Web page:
pregnant woman at airport with husband flying

7 Need-to-Know Tips for Flying While Pregnant

How to Stay Cool in the Summer while Pregnant Reading 7 Need-to-Know Tips for Flying While Pregnant 8 minutes Next How To Transition Baby To Crib

Can you fly when pregnant? In the first trimester, the second, and/ or the third? Are there different rules if you’re having multiples? If you have questions about flying while pregnant, we’re here to help. With a bit of prep, flying during pregnancy is less stressful than it sounds. In fact, for many first-time parents, the months before birth are their last chance to have a relatively low-key getaway (enter: the babymoon – which we’ll get to later). Whether you’re planning the ultimate pre-baby vacation or a business trip, here are tips you need to know for a safe, comfortable flight while pregnant:

Tip 1: When Is The Best Time To Fly When Pregnant?

Travel during the first trimester of pregnancy can be a bit tricky. You might have to deal with the not-so-friendly morning sickness, and there's that added concern about the higher risk of miscarriage during this time. Although women with low-risk pregnancies can technically fly at any trimester, the second trimester is usually ideal. By then, your first-trimester morning sickness is likely a thing of the past, while third-trimester discomfort and nesting instincts haven’t fully kicked in yet. That’s a 14-week window for (moderate). As always, you’ll want to consult with your OB. International travel isn’t recommended after the 28-week mark (no one wants to be over an ocean should you need help), and pregnant women expecting multiples have stricter limitations.

Tip 2: What Should You Prep Before Boarding A Plane Pregnant?

Planes are known for many things, but comfort is not one of them. Double up your packing game to make the flight as enjoyable as possible. You can even use packing cubes to make your packing more convenient!

Sale price$45.00

This packing cube set is designed to help keep your family organized during your travels.

Excluded from Sitewide Discounts

Prep your own healthy snacks, like fresh fruits and veggies, hard-boiled eggs, or dried fruits and nuts. (Here’s a primer on what foods are and aren’t allowed through TSA security.) Bring a large refillable water bottle to the airport, since you won’t exactly be able to refill once you’re on the plane.

Pack a pillow in your carry-on – wedge pregnancy and lumbar pillows are both great for traveling. And bring an eye-mask and earplugs – if needed – to help you catch some zzz’s before you land. 

Tip 3: The Best Way To Stay Comfortable When Flying Pregnant

No matter when you decide to fly, it’s probably worth the up-charge to snag an aisle seat. Flying often dehydrates the system so you’ll want to drink more water, all of which means you might be getting up and down more mid-flight than you usually would. Plus, it’s actually good for you to walk around after the fasten seatbelt sign goes off. Even if you don’t normally notice swelling on planes, you could experience some flying when pregnant. Keep the blood flowing and boost your circulation with a few strolls up and down the aisle.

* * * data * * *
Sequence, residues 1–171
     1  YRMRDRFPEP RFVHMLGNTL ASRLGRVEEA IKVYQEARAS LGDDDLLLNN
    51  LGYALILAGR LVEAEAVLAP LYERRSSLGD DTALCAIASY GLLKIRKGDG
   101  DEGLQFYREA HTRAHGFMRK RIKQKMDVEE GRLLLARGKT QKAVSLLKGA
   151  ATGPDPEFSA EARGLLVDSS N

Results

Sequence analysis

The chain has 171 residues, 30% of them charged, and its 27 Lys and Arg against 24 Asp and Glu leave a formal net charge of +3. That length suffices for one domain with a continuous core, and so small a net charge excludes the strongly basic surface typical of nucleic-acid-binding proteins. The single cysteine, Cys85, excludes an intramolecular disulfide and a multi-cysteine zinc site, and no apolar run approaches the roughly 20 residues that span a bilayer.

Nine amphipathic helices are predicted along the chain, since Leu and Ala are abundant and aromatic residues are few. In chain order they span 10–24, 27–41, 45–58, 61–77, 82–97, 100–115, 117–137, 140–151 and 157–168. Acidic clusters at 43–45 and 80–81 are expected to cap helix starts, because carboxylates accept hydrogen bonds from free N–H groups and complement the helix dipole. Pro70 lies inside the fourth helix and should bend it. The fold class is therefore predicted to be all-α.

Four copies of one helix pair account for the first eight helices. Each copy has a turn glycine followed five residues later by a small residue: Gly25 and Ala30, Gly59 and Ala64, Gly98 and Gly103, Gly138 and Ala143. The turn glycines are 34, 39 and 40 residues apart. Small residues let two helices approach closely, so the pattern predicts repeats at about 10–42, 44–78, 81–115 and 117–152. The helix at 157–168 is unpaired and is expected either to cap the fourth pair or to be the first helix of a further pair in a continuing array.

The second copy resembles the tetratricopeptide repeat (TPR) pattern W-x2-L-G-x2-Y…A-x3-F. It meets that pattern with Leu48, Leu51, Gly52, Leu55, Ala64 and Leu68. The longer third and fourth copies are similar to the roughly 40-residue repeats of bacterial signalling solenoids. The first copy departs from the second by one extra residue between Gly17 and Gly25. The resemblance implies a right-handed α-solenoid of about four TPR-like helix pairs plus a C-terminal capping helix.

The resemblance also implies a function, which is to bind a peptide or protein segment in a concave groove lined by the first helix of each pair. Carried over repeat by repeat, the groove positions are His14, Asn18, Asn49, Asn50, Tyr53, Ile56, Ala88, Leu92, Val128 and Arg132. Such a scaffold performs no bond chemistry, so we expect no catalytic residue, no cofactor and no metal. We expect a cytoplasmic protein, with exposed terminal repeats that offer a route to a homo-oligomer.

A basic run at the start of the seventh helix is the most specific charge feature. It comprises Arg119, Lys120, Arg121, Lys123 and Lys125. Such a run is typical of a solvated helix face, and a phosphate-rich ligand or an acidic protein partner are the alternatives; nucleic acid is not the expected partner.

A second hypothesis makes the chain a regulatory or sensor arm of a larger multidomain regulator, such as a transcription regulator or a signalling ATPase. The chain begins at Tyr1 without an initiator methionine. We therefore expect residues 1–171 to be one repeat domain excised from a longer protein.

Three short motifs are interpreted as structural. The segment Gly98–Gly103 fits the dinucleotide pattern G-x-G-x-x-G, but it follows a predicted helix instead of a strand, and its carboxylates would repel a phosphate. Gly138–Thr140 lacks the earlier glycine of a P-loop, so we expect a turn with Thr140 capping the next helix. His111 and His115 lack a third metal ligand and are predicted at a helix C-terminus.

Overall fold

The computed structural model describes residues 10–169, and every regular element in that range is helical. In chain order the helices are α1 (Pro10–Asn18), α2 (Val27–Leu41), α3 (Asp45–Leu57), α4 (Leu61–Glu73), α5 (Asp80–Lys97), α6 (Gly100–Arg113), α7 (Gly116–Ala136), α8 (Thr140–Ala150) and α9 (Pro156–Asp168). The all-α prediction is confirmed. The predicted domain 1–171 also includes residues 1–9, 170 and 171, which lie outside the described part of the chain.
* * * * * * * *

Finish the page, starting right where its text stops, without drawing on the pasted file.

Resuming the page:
And add ticket travel insurance – for nothing more than for peace of mind. You never know when a pregnancy-related issue might flare up, and being able to easily alter your plans removes a bit of stress. (This is also a possibility when you book through certain credit card companies – check your bank’s policy.)

Flying long distances? See if connecting flights are a viable option. Though it’ll take longer than a direct flight, more stops mean more opportunities to stretch and have an actual meal.

Tip 4: Follow Doctor’s Orders

It’s always good to call or visit your obstetrician to let her know that you’re traveling. Now’s also the time to request a referral for a hospital or specialist in your destination, just in case something happens while you’re away.

Have a discussion with your doctor to get her advice and insights on your chosen destination. For example, destinations with super high altitudes pose certain threats, and may aggravate morning sickness nausea. The same is true of extreme heat. If you’re traveling to a vastly different climate or geographical location, supplement with plenty of water to avoid dehydration as your body adjusts. What might have been mostly an inconvenience in the past (e.g. stomach bug vomiting) can now cause more serious concerns for you and your little one. Ask your doctor whether she recommends packing an over-the-counter antidiarrheal med, like Imodium, just in case.

If you do plan to fly late in your third trimester, check your airline’s policy. The closer you are to your due date, the more likely it is that you’ll need medical clearance or a doctor’s note to board – if so, now’s your chance to get one.

Tip 5: Ready Yourself Against Germs

In these post-Covid times, we take a hyper-vigilant approach to public transport, recognizing the higher risk associated with potential exposure. Planes, with all that circulating air, require some planning. Pregnancy can up your susceptibility to germs, so you’ll want to arm yourself with hand sanitizer, a mask, and plenty of wet wipes, and sanitizer. Wipes are a good quick-fix for cleaning arm rests and pull-down trays.

Feeling nauseous mid-flight? Ask a flight attendant for a cup of hot water and drop in a mint tea bag. Or pick up ginger candy and sparkling mineral water at the airport. Essential oils work in a pinch, too – sniffing lavender, chamomile, peppermint, or ginger directly from the bottle can help alleviate nausea.